In the Byzantine Church, we hear proclaimed the genealogy of Jesus, reminding us how God’s plan of salvation comes through a lot of interesting characters. Every time I hear this gospel passage I am reminded for two things: God uses the imperfect for the revelation of the perfect and therefore gives hope, and that our Savior, Jesus of Nazareth, the foretold Christ, is in the middle of our messy and complicated history offering us the gift of salvation.
“Matthew’s genealogy is extraordinarily comprehensive in his theology lf the roots of Jesus’ story in the Old Testament. But that is only one part of the story of Jesus Christ. The story has a sequence as well; and the continuing sequence is what makes the genealogy “good news” for Matthew’s audience and for us. Human being have been empowered to preserve, proclaim, and convey salvation brought by Jesus Christ throughout history. The God who wrote the beginnings with crooked lines also writes the sequence with crooked lines, and some of those lines are our own lives and witness.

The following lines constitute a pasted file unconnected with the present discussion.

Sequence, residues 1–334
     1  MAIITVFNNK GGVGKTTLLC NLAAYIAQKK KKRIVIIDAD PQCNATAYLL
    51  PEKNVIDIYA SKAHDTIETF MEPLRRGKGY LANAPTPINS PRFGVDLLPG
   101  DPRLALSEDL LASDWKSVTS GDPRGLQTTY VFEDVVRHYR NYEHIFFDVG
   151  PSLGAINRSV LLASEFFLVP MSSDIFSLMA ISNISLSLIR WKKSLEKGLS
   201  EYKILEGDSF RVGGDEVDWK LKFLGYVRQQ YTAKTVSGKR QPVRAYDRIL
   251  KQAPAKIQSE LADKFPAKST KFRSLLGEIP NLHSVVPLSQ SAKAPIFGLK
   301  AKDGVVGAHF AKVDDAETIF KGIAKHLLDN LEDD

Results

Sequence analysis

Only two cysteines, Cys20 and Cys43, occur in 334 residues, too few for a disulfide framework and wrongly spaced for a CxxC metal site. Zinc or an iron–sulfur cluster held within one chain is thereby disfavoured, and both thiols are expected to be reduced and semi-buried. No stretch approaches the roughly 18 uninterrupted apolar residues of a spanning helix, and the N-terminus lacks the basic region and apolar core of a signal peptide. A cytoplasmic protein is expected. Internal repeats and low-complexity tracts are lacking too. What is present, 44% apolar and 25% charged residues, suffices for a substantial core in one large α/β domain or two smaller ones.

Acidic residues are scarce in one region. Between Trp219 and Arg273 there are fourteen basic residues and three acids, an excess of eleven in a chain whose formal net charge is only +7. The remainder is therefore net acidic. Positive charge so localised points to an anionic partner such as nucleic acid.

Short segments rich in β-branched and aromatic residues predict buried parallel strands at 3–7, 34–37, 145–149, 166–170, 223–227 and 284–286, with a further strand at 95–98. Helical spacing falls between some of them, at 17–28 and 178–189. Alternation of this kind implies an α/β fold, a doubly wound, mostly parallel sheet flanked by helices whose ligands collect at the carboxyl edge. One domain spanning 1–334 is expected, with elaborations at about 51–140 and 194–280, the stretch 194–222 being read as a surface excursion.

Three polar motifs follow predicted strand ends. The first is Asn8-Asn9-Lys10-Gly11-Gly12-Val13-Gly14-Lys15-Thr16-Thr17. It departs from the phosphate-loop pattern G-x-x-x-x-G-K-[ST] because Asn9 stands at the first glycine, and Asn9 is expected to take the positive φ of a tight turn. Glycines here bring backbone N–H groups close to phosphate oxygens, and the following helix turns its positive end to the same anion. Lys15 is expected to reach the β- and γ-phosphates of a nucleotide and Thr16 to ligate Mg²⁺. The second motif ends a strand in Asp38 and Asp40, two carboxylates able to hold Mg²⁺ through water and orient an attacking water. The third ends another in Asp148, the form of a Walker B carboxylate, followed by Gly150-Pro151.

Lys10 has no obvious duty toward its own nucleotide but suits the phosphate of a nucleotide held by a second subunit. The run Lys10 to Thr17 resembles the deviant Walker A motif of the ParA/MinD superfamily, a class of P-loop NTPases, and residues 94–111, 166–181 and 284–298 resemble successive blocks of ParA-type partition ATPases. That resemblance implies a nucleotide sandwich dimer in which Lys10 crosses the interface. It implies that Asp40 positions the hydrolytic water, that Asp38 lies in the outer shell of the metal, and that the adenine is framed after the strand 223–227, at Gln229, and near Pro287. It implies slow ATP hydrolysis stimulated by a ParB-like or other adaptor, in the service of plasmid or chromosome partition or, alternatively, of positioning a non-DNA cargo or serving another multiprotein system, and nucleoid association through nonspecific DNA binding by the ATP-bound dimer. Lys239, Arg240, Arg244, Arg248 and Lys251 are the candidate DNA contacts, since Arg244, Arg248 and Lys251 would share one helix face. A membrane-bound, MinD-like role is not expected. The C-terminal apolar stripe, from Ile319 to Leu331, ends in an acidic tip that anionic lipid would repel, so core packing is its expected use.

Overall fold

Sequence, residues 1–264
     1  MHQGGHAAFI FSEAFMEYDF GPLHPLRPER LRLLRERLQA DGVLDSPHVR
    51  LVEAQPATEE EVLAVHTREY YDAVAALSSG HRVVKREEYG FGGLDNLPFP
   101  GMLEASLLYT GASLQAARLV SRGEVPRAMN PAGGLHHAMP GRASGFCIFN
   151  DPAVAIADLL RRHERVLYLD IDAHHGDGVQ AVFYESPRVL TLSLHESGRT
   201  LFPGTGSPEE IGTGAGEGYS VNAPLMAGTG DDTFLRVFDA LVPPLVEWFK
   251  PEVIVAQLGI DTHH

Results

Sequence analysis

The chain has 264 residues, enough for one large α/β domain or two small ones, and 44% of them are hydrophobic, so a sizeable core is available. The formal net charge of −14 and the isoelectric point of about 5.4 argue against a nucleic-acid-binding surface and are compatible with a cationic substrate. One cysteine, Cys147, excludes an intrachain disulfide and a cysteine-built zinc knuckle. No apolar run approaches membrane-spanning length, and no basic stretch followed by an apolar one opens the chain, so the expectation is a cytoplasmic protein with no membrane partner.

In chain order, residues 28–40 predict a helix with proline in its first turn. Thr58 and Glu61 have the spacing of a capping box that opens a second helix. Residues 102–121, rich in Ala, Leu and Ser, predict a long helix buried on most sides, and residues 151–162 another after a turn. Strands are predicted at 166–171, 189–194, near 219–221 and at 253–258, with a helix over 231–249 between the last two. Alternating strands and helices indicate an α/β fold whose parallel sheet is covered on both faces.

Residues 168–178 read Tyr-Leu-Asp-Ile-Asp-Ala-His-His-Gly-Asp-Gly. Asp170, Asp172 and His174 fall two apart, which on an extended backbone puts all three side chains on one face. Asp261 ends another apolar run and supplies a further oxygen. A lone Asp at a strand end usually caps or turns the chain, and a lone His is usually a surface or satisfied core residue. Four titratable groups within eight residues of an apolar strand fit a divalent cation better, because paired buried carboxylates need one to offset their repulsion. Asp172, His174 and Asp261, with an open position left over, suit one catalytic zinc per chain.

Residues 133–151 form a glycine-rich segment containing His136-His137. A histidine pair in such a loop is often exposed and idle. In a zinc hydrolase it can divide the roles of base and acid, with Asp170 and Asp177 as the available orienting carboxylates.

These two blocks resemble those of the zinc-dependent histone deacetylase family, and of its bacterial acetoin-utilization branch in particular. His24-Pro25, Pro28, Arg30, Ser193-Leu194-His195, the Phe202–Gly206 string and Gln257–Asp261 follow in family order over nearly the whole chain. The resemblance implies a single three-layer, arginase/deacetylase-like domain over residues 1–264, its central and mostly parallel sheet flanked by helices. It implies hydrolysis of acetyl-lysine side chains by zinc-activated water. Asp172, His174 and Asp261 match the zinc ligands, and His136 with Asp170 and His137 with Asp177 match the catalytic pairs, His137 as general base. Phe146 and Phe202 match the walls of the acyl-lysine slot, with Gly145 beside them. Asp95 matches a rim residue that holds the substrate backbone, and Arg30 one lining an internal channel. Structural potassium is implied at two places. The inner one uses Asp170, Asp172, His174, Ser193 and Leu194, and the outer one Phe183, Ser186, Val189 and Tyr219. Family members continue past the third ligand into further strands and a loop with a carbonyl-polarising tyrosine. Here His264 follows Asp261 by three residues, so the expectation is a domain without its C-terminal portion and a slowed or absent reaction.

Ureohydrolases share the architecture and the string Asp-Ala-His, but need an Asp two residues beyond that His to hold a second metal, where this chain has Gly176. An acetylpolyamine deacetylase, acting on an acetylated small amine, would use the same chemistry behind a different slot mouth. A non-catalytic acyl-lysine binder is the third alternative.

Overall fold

A God who did not hesitate to use the scheming as well as the noble, the impure as well as the pure, men to whom the world hearkened and women upon whom the world frowned –this God continues to work through the same melange. If it was a challenge to recognize in the last part of Matthew’s genealogy that totally unknown people were part of the story of Jesus Christ, it may be a greater challenge to recognize that the unknown characters of today are an essential part of the sequence. The proclamation of that genealogy in the Advent liturgy is designed to give us hope about destiny and our importance.
By stressing the all-powerful grace of God, the genealogy presents it greatest challenge to those who will accept only an idealized Jesus Christ whose story they would write only with straight lines and whose portrait they would paint only in pastel colors. If we look at the whole story and the total picture, the Gospels teach us that Jesus’ ministry was not thus; the history of the church teaches us that the sequence as not thus. God’s grace can work even with people like us.” (Father Raymond Brown, S.S.)